# Weighing Your Horse Without a Scale

Here's how to determine your horse's weight using an ordinary tape measure.
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You’ll never hear your horse fretting, “Does this saddle pad make me look fat?” But it serves him well if you keep on eye on his figure for him. Fluctuations in weight are generally related to feed intake, but sudden or extreme changes in condition can signal serious disease.

Certainly, you can “eyeball” your horse’s condition and, if you have access to one, you can use a livestock scale to keep absolutely reliable track of his weight. Between these two extremes of weight-watching techniques, you can get an accurate reading by using the following tape-measure-based formula, developed by Australian equine nutritionists:

body weight (in kilograms) = [girth circumference squared (in centimeters) x body length (in centimeters)] / 11,877

Here’s how it works: Measure the horse’s girth circumference just behind the elbows and withers at the narrowest part of the trunk. Measure body length from the center of the front of the chest, straight back along the horse’s side to the center of the tailbone. To convert inches to centimeters, multiply by 2.54; to convert kilograms to pounds multiply by 2.2.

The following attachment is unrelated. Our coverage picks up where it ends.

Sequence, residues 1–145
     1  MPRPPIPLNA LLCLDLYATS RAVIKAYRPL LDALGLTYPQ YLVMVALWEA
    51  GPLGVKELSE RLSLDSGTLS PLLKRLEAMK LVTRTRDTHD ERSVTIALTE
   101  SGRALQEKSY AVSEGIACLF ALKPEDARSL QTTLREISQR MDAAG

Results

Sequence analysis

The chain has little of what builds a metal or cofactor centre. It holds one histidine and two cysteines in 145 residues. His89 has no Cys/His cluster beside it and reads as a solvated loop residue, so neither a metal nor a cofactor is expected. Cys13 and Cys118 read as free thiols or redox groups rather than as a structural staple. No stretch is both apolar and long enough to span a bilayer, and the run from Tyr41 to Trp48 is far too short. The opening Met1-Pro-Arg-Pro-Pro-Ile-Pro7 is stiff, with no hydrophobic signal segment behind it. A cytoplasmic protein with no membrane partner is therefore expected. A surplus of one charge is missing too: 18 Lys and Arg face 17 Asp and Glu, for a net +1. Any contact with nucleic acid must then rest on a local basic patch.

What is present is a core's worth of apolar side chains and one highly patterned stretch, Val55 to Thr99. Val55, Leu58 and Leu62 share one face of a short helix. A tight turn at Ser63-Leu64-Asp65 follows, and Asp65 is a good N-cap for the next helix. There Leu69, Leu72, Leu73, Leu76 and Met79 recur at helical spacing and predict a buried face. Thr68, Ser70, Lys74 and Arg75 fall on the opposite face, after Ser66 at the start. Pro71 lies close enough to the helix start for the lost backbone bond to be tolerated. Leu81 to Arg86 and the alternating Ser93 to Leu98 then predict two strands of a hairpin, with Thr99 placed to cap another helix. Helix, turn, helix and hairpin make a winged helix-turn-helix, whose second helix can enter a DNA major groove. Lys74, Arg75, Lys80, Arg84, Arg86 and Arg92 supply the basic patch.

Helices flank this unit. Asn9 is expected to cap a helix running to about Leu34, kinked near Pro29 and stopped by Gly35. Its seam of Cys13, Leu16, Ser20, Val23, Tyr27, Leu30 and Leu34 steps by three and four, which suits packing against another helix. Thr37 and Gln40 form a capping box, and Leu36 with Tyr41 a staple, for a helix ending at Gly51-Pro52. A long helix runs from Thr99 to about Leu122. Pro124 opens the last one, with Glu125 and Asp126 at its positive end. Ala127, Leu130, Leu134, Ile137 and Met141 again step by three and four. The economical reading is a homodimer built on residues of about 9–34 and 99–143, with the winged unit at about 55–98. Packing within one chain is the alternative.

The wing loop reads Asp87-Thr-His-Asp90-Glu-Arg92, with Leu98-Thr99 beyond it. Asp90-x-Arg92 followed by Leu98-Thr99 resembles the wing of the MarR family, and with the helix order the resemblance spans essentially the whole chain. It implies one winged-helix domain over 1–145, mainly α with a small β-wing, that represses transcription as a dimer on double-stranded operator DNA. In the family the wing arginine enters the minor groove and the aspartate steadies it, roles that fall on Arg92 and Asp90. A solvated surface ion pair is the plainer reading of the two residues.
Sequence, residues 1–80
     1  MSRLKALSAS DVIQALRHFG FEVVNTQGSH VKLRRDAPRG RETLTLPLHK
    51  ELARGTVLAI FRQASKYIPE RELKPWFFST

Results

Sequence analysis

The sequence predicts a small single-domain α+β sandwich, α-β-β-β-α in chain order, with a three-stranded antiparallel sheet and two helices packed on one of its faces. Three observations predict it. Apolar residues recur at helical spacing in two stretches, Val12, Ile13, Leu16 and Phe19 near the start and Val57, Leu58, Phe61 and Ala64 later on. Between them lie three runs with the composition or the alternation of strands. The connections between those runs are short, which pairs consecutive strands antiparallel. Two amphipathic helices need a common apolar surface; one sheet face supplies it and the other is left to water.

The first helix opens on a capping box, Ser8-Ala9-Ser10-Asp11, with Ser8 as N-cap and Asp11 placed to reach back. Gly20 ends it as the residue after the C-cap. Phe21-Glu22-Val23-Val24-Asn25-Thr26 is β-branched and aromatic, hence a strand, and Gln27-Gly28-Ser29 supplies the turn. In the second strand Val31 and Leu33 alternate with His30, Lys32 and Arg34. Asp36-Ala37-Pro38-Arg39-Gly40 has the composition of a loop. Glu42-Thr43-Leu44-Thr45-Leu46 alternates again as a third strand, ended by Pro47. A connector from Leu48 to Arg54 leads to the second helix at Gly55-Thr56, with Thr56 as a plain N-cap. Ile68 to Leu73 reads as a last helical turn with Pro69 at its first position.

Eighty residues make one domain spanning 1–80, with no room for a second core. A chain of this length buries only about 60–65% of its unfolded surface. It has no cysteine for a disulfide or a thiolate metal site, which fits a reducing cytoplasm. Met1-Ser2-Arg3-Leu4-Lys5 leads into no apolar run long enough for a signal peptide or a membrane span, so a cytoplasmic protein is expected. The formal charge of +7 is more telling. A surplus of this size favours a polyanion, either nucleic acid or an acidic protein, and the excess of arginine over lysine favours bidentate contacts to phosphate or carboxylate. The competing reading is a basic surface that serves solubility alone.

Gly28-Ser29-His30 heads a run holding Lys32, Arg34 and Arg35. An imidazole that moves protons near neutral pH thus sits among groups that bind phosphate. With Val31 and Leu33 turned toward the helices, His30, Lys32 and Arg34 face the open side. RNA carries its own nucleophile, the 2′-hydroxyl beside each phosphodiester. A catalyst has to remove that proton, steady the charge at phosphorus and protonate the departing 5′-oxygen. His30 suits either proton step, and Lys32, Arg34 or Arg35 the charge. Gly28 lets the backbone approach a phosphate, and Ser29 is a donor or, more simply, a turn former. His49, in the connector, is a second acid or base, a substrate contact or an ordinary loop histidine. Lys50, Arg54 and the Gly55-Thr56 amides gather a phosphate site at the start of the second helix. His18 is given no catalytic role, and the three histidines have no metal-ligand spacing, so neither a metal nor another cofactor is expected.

An example: For a horse with a girth of 75 inches (190.5 centimeters) and body length of 80 inches (203.2 inches), the calculations would be 190.5 squared, multiplied by 203.2, and then divided by 11,877. The calculated body weight of 621 kilograms converts to 1,366 pounds.

Using this formula, you can monitor your horse’s condition over time simply by taking his girth measurement and recalculating the weight whenever the measurement changes (a mature horse’s length should remain constant, although a substantial weight loss or gain will affect it as well). For best results, be absolutely consistent in your measuring technique, placing the tape measure at the same spot and holding it with the same tension each time you assess your horse. Weight fluctuations of 5 percent or less are usually the result of minor dietary changes, while greater gains or losses are good reason to examine your horse’s health and management to be sure he’s receiving optimum nutrition and is free of stress, illness or other debilitating conditions.

This article first appeared in EQUUS 270 (April 2000).

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